Douglas County District Attorney Charles Branson is up for reelection this year. While many of us have been protesting the abuse at the hands of the police, politicians and candidates facing elections are racing to take sides.
President Donald Trump, being who he is, is trying to shore up his base through aggressive crackdowns that have included gassing protesters for his infamous bible photo. Meanwhile, Joe Biden suggested police shoot for the leg as opposed to the chest — which actually sums up the neoliberal wing of the Democratic party quite well.
Now, despite all the gaslighting from politicians being dragged by the changing tides rather than a deep understanding and genuine concern regarding police brutality, progress is being made.
Earlier this month, after what I would now identify as at least partly successful protests in Kansas City, Missouri, Police Chief Rick Smith announced the department secured funding for body cameras thanks to donations from organizations such as the DeBruce Foundation.
But policing is far from the only area in which reform is required in order to make the American system more racially equitable. While Branson seeks reelection, both of his primary challengers criticized the amount of tangible success he’s had in his near 16 years in office — experience he’s touting as necessary for making substantive reforms.
When I spoke with Branson, he referenced multiple programs and initiatives meant to increase the awareness of racial biases in the District Attorney’s office. For example, the Douglas County District Attorney’s office will be implementing the use of the GARE (Government Alliance on Race and Equity) Toolkit, a system meant to introduce consideration of racial factors in each case to increase the efficacy of blind justice.
"There is a lot of talk about what we should be doing in the community, but when you get right down to it, we are [making progress] and we have been doing it," Branson said.
Suzanne Valdez, a University of Kansas professor of law and challenger to Branson in the DA race, said the problem is that many of these programs introduced to improve the integrity of the Douglas County justice system have been introduced in the last two years. Valdez sees Branson’s efforts as being too little, too late.
She referenced Branson’s establishment of a Drug Court in late 2019 as evidence of Branson being “asleep at the wheel.”
Drug Courts began being established in the U.S. in the 1980s as a response to the war on drugs that was focused more on rehabilitation and reintegration into society. For the liberal oasis in the deep red wheatlands of Kansas, Valdez said Branson missed the opportunity to be a leader on the state and national levels when it comes to the treatment of drug use as a health crisis rather than a criminal one.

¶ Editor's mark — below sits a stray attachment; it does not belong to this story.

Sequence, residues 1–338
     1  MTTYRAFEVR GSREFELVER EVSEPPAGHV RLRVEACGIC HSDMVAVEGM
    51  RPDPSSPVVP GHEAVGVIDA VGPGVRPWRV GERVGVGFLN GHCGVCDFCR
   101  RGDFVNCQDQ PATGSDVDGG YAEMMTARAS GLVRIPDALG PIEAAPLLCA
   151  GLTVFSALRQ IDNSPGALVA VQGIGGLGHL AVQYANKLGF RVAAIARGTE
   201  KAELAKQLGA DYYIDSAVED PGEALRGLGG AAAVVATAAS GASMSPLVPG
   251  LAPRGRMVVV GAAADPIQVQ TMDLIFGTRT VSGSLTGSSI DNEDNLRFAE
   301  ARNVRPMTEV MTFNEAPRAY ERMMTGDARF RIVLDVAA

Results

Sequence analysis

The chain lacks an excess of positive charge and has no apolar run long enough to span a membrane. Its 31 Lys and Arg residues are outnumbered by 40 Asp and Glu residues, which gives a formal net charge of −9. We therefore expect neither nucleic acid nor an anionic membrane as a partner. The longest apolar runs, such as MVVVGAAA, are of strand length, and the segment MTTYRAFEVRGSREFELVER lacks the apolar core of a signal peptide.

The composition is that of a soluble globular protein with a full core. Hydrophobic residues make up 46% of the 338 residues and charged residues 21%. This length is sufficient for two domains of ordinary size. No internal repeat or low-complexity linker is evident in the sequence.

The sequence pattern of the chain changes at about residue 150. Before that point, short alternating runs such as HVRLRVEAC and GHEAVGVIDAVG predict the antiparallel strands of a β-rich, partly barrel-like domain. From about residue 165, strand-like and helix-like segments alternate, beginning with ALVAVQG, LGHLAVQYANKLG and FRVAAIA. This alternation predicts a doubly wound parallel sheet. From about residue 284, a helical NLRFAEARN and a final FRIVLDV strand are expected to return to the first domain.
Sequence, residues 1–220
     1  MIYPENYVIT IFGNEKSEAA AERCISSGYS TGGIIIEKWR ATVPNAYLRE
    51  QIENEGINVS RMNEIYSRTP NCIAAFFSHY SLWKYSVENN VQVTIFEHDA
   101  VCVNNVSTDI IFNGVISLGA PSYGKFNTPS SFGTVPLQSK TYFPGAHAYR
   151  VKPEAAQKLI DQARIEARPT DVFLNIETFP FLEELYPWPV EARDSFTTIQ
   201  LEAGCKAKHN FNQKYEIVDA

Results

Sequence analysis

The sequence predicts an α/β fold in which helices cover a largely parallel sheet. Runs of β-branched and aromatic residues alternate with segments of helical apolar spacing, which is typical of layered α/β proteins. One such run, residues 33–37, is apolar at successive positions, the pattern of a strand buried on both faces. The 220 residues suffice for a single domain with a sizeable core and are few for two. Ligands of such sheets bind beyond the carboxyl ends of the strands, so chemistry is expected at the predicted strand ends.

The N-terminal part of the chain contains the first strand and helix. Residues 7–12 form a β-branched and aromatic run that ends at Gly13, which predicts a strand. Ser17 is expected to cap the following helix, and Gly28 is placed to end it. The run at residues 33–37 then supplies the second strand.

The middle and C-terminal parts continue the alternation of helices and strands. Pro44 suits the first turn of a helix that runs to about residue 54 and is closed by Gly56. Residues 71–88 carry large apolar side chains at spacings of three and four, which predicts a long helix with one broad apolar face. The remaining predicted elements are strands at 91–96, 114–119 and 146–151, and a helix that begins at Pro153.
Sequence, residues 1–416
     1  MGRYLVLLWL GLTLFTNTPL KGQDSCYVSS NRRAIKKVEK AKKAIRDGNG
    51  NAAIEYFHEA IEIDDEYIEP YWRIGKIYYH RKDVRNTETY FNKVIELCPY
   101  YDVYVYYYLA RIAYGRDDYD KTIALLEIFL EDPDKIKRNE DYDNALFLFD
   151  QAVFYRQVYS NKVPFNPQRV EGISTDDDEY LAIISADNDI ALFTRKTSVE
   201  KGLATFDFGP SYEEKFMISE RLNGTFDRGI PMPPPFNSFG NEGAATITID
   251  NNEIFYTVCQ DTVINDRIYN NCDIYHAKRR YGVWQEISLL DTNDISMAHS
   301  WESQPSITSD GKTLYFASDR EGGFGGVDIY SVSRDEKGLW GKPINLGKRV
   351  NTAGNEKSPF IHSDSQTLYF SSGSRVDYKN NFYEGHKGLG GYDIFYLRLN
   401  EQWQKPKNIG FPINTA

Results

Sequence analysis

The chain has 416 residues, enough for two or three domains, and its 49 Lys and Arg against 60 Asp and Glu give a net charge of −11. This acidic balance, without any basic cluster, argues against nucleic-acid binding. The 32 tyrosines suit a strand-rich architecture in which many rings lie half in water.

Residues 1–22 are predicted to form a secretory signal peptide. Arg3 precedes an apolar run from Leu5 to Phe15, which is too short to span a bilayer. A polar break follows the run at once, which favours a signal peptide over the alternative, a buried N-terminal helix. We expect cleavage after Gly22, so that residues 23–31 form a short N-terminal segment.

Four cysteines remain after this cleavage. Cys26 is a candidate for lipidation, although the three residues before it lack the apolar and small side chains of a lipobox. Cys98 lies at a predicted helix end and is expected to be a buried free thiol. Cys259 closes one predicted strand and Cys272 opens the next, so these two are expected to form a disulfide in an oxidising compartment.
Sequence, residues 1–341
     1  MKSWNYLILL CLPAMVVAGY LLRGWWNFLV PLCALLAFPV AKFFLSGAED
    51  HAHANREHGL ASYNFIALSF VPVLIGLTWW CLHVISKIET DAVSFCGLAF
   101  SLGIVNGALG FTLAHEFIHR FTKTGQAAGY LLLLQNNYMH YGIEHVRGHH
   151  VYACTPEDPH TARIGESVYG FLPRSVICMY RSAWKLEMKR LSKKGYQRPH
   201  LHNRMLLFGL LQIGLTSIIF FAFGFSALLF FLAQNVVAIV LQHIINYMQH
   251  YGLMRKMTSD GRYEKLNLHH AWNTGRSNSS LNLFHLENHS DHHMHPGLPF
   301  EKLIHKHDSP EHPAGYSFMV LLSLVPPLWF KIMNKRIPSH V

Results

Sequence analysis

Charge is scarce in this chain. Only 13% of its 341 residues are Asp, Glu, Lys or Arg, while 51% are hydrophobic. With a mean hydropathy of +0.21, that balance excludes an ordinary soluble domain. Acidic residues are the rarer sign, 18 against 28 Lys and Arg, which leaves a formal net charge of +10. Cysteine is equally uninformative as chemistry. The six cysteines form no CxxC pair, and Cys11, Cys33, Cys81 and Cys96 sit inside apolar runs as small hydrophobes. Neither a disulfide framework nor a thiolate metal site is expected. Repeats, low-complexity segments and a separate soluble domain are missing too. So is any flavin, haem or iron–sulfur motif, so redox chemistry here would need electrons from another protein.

“As a community we need to address systemic injustice together through collective community stakeholder engagement so that we come up with viable alternative solutions to incarceration and use of the criminal justice system,” Valdez said.
And, to be fair to Branson, the programs that he has established in recent years do seem to be aimed at doing exactly what Valdez said is needed. At the same time, even Branson admits that these programs are too young to extract either meaningful statistics or evidence of the de-penitentiarization of the Douglas County justice system.
Timing seems to be against Branson. With the primary for the candidates scheduled for Aug. 4, voters may be skeptical of programs that have yet to show teeth.
Three candidates are running as Democrats. As of Tuesday, the winner of the primary will run unopposed in the general election on Nov. 3.
With what information he did have available to him, Branson said that since its inception in 2016, the pretrial release program has served 916 people and that there are currently 166 people in the program.
Cooper Overstreet, a Lawrence defense attorney and the other of Branson’s two opponents, is also unimpressed with Branson’s work thus far.
“We can’t sit here and talk about the work that we need to do as leaders in our criminal legal system but then just completely refuse to acknowledge the harm that we’ve caused in the past and try to rectify that,” Overstreet said.
Specifically, Overstreet’s comments were in reference to one of his proposals regarding the establishment of a conviction integrity unit that would function to enforce and maintain a higher confidence in the convictions made by the Douglas County District Attorney’s Office, something he said could begin to ease the racial disparities in the justice system.
When I asked Branson if he also supported setting up a conviction integrity unit, he said that he had recently met with the members of the University of Kansas School of Law’s Innocence Project. Branson said they determined it would be an extraneous measure given the size of Douglas County’s jail population and Branson’s willingness to re-examine cases in light of new evidence.
Valdez said she is undecided on whether there is a necessity for a concrete program. But she added that there are cases she would like to take deeper looks at.
It is important to note that a quarter of the Douglas County’s Jail population is currently made up of Black people according to a manual search of the jail's public demographic information — a percentage that in no way reflects Douglas County’s less than 5% Black share of the population.
It will ultimately be up to the voters to decide whether or not Branson has done enough to justify his re-election, that he’s not simply another official being carried by the winds of the political climate at the time. One thing we can be certain of, though, is that the protests have served to bring additional attention to the racial disparities in the justice system and that each of these candidates recognizes there is a problem.
Gavin Nelson is a junior from Olathe studying journalism and English.